Notes from An Alien

~ Explorations In Reading, Writing, and Publishing ~

Tag Archives: Advice for Writers

#SelfPublishing ~ #BookMarketing >>> #FreeCourse


If you visit this blog because you’re primarily a Reader, do, Please, share this post with a Writer you know :-) Free Self-Publishing Video Course

I’ve written plenty of posts about Self-Publishing as well as Book Marketing; and even though I don’t teach courses, I have a bunch of free books in that left side-bar

I have had a few posts about various writing-related courses; but, nothing quite like this This massive, free, audio/video course recommended to me by Jane Friedman and called Self-Publishing Mastery.

Here’s the major blurb:

“Self-Publishing Mastery covers absolutely EVERYTHING involved in becoming a successful self-published author. All lessons are taught by multi-time bestselling author, Iain Rob Wright, who is widely respected in the world of self-publishing and dedicated to sharing knowledge amongst authors. No course available contains so much content for … [free]. This course will make you a self-publishing warrior that others turn to for advice.”

And, the instructor says this about himself:

The 3 most important things in Iain’s life are his wife, his son, & his fans.
Iain Rob Wright is from the English town of Redditch, where he worked for many years as a mobile telephone salesman. After publishing his debut novel, THE FINAL WINTER, in 2011 to great success, he quit his job and became a full time writer. He now has over a dozen novels, and in 2013 he co-wrote a book with bestselling author, J.A.Konrath.

I signed-up so I could see what was inside—here are the main topics (each of which has many individual lessons):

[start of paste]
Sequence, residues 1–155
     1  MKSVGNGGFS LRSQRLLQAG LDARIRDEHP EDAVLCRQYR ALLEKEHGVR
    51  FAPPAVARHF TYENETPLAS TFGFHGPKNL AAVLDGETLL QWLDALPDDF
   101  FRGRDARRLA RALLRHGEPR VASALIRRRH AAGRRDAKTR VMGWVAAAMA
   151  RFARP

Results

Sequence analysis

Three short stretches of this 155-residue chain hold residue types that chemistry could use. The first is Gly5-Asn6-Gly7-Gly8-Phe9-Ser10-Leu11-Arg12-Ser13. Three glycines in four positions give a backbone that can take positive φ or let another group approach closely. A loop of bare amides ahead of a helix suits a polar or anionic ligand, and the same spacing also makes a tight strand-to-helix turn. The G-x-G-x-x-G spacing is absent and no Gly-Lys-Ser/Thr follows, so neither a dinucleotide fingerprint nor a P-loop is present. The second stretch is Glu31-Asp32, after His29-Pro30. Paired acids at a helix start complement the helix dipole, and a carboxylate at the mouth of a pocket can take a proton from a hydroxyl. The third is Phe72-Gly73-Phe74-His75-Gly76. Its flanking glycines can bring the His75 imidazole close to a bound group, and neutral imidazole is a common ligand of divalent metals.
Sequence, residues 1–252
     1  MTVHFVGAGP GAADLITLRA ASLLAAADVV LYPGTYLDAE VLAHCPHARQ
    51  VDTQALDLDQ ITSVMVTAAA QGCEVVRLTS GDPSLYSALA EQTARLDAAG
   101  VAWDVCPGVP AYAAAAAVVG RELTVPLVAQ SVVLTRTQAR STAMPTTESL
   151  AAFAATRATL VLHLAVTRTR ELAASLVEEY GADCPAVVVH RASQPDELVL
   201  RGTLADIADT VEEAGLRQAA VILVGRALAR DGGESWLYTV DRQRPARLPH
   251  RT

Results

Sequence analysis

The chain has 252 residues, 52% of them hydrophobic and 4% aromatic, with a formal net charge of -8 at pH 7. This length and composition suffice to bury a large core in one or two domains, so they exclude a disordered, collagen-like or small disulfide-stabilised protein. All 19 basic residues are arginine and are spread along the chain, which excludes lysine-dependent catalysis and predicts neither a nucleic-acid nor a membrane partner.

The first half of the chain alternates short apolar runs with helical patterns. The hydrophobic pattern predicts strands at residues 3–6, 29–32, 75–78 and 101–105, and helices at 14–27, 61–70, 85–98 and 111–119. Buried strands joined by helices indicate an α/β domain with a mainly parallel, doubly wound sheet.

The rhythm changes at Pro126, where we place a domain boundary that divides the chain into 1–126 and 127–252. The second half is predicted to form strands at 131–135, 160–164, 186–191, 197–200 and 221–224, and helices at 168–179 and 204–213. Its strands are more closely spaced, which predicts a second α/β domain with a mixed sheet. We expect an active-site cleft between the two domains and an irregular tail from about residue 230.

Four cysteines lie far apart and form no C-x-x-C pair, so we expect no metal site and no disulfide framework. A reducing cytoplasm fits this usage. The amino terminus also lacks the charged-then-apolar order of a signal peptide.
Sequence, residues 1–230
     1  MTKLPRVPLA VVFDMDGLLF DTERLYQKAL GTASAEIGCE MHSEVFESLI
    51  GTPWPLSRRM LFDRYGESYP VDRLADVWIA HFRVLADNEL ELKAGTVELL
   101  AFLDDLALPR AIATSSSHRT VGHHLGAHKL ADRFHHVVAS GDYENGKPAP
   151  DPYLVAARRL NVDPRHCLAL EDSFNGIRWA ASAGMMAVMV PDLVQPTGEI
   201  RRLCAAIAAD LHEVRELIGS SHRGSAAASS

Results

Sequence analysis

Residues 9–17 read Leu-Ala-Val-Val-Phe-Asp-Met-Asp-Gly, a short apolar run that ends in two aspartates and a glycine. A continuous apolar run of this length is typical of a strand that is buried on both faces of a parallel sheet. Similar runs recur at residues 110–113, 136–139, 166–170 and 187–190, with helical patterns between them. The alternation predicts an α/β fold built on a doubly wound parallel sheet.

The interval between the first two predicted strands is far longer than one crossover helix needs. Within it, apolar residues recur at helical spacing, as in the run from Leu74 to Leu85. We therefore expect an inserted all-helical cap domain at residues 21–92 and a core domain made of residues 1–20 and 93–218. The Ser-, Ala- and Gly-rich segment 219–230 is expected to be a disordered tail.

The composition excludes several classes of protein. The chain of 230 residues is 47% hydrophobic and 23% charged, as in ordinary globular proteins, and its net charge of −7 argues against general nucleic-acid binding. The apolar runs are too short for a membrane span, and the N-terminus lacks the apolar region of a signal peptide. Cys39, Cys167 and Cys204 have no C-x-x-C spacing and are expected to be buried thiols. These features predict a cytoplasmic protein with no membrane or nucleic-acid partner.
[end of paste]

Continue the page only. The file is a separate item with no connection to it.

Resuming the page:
THE BASICS

GETTING READY TO PUBLISH

AMAZON’S KINDLE DIRECT PUBLISHING

AUDIO & TRANSLATION

CREATING YOUR PAPERBACK

BUILDING YOUR WEBSITE

BUILDING YOUR MAILING LIST

SOCIAL MEDIA

PROMOTION

OTHER INCOME

ADVERTISING

WHERE TO GO NEXT?

I’ve watched two videos so far and downloaded one of Iain’s free books (to see how he writes…{read a chapter—wanted to keep reading…}):

He’s a sincere, dedicated, likable fellow and has made over $258,000 since 2011–that’s $43,000 a year—and that’s only his sales on Amazon’s KDP (Kindle Direct Publishing)—(the course has videos about other publishing income, too)

Not what the BookWorld’s mega-stars make; but, then, I don’t think their books are as well-written as Iain’s

There is some auxiliary material for a small fee (“Finishing your manuscript with pleasure ~ Wise advice for getting your book from first idea to published masterpiece” ~ $29); but, if all you do is absorb the 116 free audio & video presentations and take a few notes, you’ll, undoubtedly, be further along the path to your own brand of success…

Also, you can download the audio/video presentations for off-line viewing; and, many of the lessons have bonus downloadable content…

So, here he is, talking about his earnings:

And, here he is, talking about his son, certain videos, and moral integrity…


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If you don’t see a way to comment (or, “reply”) after this post, try up there at the top right…
Read Some Strange Fantasies
Grab A Free Novel…
Visit The Story Bazaar
FREE On-line Course in Self-Publishing & Book Promotion
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For Private Comments or Questions, Email: amzolt {at} gmail {dot} com

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#BookPromotion on #Wattpad


Last November, I was finally convinced to try WattpadWattpad

Then, later in the same month, I wrote about Wattpad being a special “social media” platform for writers.

That was early in the game

I had a relatively small number of folks I followed and there were some following me

I have four books there; and, will soon have a fifthone of my booksmy novel, was getting reads and comments and all was productive and fun

Then, last month, my novel jumped from 1,ooo to 2,000 reads and my followers jumped from about 300 to over 1,200.

Today, I have 3,200 reads on the novel and nearly 2,000 followers

What happened was Wattpad decided to Feature my book.

Suddenly, being on Wattpad is “work” yet very welcome and productive work.

Back in November, my novel was being read in around 10 countries.